“For those who were part of the lockdown Resistance, it is gratifying, but also oddly unbearable, to see the people who attacked us admitting that the ‘misinformation’ we were accused of spreading 18 months ago turns out to be remarkably close to the truth,” writes Allison Pearson, a prominent columnist with the Daily Telegraph and one of its most outspoken critics of the handling of the pandemic. “With the UK set to be one of the first countries to come out of the pandemic, I thought it was worth starting to compile a list of the most lunatic measures. Lest we forget.” The list of 50 of the “most lunatic measures” that were imposed finishes with: 50. “Dying alone. How many died alone? How many?”
When I was traipsing around the Iberian Peninsula doing multiple Caminos to escape lockdowns, I met an Irish pilgrim who, echoing Pearson’s no. 50, railed against the cruelty of the Irish state’s draconian approach that meant devout Catholics died unable to receive the Last Rites from a priest—something, in the eyes of the individual on his deathbed, of crucial and existential comfort and significance.
As the U.K. population gradually and painfully reflects on the depravities and inhumanities of such measures, there is a lot to confront that won’t be easy to accept. We may very well continue to wear a figurative face mask about what went down.
“People will find it easier to tiptoe round or laugh off the big subjects and fail to make ground or innovate,” is the conclusion of Camilla Long, a columnist for the Sunday Times. “Vaccine passports, forcing people to take the vaccine, firing them, making children have it—no one feels able to discuss this stuff openly now.”
It won’t be any easier in the U.S., especially given the even more polarized climate. But ultimately facing up to harsh truths is a universal challenge whether you are in the U.K, U.S., or anywhere else.
Any moving on from the pandemic and the extraordinary measures imposed will have to include forgiveness and acceptance also—a process I can again relate to, post counseling for a PTSD-related moral injury. But to achieve this we will have to overcome, in the words of Long, the “legacy Covid-19: less openness, less exchange of intelligence, less reason, more fear, more established positions, people angrily taking stands.”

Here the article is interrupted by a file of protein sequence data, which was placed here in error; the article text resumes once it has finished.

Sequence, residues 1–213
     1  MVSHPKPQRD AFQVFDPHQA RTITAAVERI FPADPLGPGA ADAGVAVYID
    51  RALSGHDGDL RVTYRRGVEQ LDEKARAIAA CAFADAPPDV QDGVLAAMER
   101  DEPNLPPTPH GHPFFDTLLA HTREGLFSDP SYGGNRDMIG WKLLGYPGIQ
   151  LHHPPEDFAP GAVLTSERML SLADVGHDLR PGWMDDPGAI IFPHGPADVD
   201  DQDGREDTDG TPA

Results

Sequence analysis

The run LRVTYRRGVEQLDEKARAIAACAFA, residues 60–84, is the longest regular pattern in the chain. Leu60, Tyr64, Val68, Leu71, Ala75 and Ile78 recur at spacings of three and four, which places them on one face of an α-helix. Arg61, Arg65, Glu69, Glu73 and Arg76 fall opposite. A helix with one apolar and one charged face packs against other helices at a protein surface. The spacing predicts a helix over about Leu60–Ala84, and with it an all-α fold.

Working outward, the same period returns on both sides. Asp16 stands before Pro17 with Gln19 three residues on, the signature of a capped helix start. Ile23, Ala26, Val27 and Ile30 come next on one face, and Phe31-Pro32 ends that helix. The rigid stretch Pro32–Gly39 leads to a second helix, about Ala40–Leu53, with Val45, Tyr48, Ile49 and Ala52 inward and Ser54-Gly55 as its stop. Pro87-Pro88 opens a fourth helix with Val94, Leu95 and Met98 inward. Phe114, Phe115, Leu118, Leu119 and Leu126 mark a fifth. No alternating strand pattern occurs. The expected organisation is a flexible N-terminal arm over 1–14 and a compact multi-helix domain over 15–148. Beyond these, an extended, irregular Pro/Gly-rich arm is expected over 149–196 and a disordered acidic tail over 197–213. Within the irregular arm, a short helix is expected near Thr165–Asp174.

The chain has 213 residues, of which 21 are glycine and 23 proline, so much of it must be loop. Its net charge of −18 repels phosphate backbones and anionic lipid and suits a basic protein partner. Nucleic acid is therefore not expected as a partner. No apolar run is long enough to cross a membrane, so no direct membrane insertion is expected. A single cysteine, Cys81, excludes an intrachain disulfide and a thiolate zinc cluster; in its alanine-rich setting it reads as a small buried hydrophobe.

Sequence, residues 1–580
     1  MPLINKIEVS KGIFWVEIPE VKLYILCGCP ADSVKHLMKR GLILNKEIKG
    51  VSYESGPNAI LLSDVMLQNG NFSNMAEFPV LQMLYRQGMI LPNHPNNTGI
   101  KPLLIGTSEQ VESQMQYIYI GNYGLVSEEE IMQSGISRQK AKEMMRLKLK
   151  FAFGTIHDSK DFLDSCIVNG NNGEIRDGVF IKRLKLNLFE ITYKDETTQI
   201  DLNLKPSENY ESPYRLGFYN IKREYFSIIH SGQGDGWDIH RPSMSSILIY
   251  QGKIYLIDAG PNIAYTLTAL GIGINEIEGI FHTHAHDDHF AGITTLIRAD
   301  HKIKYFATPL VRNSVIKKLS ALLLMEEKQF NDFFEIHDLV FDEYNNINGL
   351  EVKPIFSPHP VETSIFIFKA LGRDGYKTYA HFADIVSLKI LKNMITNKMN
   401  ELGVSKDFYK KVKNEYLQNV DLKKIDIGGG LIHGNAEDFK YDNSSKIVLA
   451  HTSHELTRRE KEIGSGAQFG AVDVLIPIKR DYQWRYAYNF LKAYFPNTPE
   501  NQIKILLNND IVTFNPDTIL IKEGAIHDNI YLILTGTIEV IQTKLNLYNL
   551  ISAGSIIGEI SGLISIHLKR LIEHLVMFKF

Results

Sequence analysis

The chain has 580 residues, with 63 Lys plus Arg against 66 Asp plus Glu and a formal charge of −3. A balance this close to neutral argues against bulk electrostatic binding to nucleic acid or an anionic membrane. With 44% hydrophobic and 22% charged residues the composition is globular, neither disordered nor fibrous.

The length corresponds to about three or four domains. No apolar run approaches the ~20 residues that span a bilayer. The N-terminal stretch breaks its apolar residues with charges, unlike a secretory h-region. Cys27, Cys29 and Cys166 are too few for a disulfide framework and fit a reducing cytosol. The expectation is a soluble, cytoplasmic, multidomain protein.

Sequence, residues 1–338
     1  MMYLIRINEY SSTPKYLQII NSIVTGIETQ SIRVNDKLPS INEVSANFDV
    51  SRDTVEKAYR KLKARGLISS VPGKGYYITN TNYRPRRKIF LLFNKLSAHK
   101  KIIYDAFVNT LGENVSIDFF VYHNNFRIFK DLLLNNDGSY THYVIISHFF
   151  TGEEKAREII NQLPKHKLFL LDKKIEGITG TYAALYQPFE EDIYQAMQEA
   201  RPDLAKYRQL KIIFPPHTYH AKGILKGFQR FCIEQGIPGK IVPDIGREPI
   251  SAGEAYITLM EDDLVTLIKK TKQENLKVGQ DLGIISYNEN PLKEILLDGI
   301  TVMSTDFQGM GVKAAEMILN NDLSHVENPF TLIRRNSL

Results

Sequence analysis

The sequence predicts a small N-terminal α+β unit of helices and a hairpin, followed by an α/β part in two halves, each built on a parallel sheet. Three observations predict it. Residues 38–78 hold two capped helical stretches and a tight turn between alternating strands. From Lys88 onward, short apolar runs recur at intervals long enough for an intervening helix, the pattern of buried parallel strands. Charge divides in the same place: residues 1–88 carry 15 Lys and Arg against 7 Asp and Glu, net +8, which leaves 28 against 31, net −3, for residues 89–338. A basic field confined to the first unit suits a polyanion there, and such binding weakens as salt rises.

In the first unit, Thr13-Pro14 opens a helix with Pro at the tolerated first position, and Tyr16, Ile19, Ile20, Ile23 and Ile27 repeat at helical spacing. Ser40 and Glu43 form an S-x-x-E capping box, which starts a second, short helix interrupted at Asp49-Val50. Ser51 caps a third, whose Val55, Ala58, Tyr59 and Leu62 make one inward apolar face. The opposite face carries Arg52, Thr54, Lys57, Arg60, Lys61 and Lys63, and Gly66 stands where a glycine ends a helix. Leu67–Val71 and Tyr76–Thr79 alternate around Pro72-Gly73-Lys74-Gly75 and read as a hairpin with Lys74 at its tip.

At least the U.K. has reached a juncture where it might try to overcome those hurdles. I suspect that Long’s verdicts levied on the state of the U.K. are actually more applicable to the U.S. Having at one stage been well ahead—certainly of the U.K.—in terms of bouncing back from the pandemic, the U.S. appears to have fallen back and become further mired in increasingly politicized mask and vaccine mandates.
“Human beings always do what is least painful,” Michel Houellebecq wrote in his 1998 novel Les Particules élémentaires (The Elementary Particles). His despairing dismantling of modern society and its mores was published two decades ago but it looks even more prescient thanks to Covid. “For as long as it is less painful to confess, we talk; then we are silent, we give up, we are alone.”
James Jeffrey is a freelance journalist and writer who splits his time between the U.S., the U.K., and further afield, and writes for various international media. Follow him on Twitter: @jrfjeffrey and at his website: www.jamesjeffreyjournalism.com.